Monday 6 November 2017

Sound Recording - Cowley Woods 1st November

I have spent many years recording and analysing bat calls as part of my work and have often considered experimenting with bird sound recording but have never done so. Having read the recent article on night sound recording in Birdwatch magazine and seeing the various samples posted on the Portland Bird Observatory website I thought I would finally give it a try. Initially I borrowed a Tascam DR05 from work but I quickly found that this recorder was not suitable (despite good reviews) for recording bird sounds. I found that the recordings were low level and that the playback on the recorder was poor, I considered that the ability to playback a recording at reasonable volume was important. After some research I opted for the Olympus LS-14 and although I tested the inbuilt microphones i found that these were not good enough for anything but the closest of birds. So I then tested a Sennheiser video-microphone that I have had for years but I couldnt get this to work. Finally after digging around I found my Sennheiser ME66 microphone which, again, I have had for many years but barely used. This was, and I believe still is, considered to be one of the best directional microphones for recording bird sounds. My research indicated that the Telinga set-up is the ultimate but this is a considerable financial outlay for one just commencing in bird sound recording.

I then investigated software for analysis of recorded bird sound and after some fairly quick research I decided that the Raven software was a good starting point. Having downloaded the free Raven Lite and watching a number of tutorial videos and reading some of the user manual I found this a fairly straightforward piece of software to get to basic grips with. I then opted to download the Raven Pro one year licence for USD100 with a view to extending this licence if my interest took off.

On 1st November I had my first opportunity to test my kit and here are a few recordings from wandering around Cowley village and to Cowley Woods near to Cheltenham. The calls were uploaded to Sound Cloud and the sonograms were generated in Raven Pro.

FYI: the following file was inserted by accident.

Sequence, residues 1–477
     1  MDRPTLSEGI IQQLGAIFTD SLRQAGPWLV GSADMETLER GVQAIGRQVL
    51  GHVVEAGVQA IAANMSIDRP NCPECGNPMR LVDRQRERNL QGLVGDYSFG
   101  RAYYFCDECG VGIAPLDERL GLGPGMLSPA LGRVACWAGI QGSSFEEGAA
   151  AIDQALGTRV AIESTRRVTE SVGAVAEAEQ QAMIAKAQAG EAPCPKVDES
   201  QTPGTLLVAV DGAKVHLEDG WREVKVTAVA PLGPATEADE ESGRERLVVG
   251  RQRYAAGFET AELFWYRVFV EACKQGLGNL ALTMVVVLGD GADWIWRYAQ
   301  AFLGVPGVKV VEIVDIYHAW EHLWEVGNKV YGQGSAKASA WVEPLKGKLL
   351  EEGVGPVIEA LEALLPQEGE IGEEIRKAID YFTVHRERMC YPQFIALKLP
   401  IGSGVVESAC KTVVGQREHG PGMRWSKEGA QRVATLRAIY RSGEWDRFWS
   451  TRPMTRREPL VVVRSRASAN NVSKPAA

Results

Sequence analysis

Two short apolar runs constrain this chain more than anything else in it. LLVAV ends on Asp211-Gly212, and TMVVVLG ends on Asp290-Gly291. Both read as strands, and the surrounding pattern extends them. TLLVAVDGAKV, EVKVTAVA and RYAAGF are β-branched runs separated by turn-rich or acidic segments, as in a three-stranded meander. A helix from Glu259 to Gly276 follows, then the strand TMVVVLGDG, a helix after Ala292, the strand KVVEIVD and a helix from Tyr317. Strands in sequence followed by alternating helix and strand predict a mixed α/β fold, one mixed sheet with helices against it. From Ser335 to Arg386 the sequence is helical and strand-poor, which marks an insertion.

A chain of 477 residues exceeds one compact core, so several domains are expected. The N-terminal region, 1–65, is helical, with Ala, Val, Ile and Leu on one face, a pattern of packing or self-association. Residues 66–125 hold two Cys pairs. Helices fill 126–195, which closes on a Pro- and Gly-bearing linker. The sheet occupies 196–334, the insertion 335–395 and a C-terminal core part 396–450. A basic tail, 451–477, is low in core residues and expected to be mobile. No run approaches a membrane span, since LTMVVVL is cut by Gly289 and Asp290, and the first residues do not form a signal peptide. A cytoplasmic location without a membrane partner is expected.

First I encountered a flock of Long-tailed Tit and recorded their 'zerrr' call. The sonograms generated remind me of horse heads with the higher pitched 'ze' element of the call forming the head and the lower pitched trilling 'rrr' the body of the horse.

 I then recorded this singing Robin. The recording levels are a little high and therefore there is some distortion to this recording but the sonogram shows some of the complexity of the song.

Here is a fairly distant (c.200m) Great-spotted Woodpecker showing its broadband 'pic' call.

I then encountered a flock of around 50 Redwing and in this sonogram the familiar 'seep' calls at around 7kHz and and low inverted 'V' of the 'gack' call at around 2.50 kHz at 0.4 and 2,5 seconds can be seen and heard,

Finally, at sunset this flock of House Sparrow were socialising just before settling down to roost. The sonogram is so busy that its simply fuzz from the shear level of calling by the birds.

So, I think that this is a fair start but initially I notice that there is a lot of noise to my recordings particularly in the lower frequency. I suspect this is simple background noise from the recording device as the frequency of this noise seems to be consistent across all recordings. There is a way to filter this noise in Raven Pro and I began to get to grips with this in the Robin recording, this reduced noise can be seen in the sonogram above which has a reduced fuzz along the bottom of the sonogram. During my investigations to find suitable kit to commence sound recording I found the following websites very useful and I hope they are useful for you if you decide to embark on this rapidly evolving element of birding.

ABA Blog - How to Record Birdsong Part 1
Audubon - A beginners Guide to Recording Bird Vocalisation's
Ear Birding Blog
How to Visualise Bird Sounds
Macaulay Library - Audio Recording Techniques
Raven Sound Analysis Software
Sound Approach
Understanding Sonograms
Wild Mountain Echoes